Congenica, a clinical interpretation partner for the UK 100,000 Genomes Project, has announced that its whole genome analysis platform Sapientia™ is detecting clinically relevant variants in over 35% of diagnostics reports returned to the NHS Genomic Medicine Centres (GMCs) for the Pilot and Main Phase studies. The anticipated diagnostic rate for such a large population study would be closer to 25%*.
The UK 100,000 Genomes Project is a UK large-scale genomic project aiming to sequence and analyse the genetic information of NHS patients affected by cancers or rare diseases. Genome interpretation software analyses a participant’s genome sequence, to support clinicians in identifying the likely cause of someone’s rare disease.
Tom Weaver (pictured left), CEO of Cambridge-based Congenica, is delighted that its technology is reaching patients and says: “One of the aims of Genomics England is to enable NHS patients to gain early benefit from advances in genomics and through participation in the UK 100,000 Genomes Project we have been able to accelerate development of our Sapientia diagnostic platform.”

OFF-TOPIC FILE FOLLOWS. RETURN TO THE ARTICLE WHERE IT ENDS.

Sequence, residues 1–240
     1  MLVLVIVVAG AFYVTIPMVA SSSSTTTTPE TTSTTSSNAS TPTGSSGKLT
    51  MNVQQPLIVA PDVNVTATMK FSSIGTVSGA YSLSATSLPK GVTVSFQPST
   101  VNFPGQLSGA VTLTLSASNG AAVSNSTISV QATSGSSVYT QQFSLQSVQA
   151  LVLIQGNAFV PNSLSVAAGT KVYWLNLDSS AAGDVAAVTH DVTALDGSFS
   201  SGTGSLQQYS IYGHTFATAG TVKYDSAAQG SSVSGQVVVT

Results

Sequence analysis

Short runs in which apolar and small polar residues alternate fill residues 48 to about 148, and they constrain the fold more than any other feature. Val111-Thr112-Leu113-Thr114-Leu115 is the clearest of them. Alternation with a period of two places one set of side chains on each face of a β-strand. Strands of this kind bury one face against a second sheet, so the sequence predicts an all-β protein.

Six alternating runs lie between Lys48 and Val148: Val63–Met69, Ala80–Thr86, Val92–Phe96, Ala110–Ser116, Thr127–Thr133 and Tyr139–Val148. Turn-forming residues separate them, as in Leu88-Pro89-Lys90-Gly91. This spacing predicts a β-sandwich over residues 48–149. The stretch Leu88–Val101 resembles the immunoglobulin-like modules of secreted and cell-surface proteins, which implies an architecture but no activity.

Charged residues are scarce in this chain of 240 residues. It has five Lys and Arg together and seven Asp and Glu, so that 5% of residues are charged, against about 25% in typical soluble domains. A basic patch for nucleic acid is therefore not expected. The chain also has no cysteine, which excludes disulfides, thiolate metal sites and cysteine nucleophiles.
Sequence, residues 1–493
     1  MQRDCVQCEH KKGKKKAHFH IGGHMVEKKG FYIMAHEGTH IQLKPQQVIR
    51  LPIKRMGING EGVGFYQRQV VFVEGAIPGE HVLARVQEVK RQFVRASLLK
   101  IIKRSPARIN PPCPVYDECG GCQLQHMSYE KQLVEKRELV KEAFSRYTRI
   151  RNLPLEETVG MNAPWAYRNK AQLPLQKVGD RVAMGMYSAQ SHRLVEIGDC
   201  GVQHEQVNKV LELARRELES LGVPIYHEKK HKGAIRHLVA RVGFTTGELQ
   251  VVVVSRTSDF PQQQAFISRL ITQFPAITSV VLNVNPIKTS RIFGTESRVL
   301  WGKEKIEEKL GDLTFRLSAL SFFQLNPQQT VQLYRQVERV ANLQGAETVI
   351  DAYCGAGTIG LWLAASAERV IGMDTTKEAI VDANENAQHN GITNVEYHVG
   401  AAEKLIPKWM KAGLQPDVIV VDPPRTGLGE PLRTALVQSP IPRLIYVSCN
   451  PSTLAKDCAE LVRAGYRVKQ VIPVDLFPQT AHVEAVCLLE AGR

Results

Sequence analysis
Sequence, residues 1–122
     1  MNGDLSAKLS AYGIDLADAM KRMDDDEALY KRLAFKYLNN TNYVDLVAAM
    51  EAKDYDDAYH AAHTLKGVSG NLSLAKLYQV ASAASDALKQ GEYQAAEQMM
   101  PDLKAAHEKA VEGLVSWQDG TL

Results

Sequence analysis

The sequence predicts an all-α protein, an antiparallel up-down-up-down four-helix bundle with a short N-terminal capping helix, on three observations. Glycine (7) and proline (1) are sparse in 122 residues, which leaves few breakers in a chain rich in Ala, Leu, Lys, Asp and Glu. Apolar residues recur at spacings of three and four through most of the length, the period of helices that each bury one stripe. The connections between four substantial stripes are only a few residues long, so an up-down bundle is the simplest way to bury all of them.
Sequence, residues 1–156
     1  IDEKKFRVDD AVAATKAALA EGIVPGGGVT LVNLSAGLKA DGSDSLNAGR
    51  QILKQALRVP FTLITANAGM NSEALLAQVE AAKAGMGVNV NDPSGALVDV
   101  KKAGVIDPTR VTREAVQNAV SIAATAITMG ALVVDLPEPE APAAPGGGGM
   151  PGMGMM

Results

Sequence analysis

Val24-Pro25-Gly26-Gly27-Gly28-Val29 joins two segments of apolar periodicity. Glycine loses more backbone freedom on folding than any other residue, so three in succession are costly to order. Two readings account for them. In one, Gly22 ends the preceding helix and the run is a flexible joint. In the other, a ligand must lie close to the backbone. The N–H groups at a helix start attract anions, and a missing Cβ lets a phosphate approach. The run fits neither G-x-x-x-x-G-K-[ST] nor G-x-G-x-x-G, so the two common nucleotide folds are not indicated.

This high diagnostic yield makes Sapientia a reliable and efficient tool used in clinical settings by genomic centres around the UK.
Dr Simon Ramsden (pictured right), lead geneticist for the Manchester Centre for Genomic Medicine (MCGM), is using Sapientia to scale its operation to accommodate an explosion in genomic analysis.
He says: “What Sapientia does is give us a format: it is a web-based tool where we can take our data, compare it to what's out there in the world, and support the clinicians to come up with a diagnosis.”
Dr Ramsden is speaking at a symposium that Congenica is hosting at the Annual Meeting of the American Society of Human Genetics on October 20th from 13:00-14:30 in Room 9 of the East Building of the Vancouver Convention Centre. The symposium will include talks from experts in clinical genomics with first-hand experience of using Sapientia and its impact on patient diagnosis.
*Effectiveness of WES and cost of traditional diagnostic trajectory in children with ID (Monroe et al. Genetics in Medicine, 2015)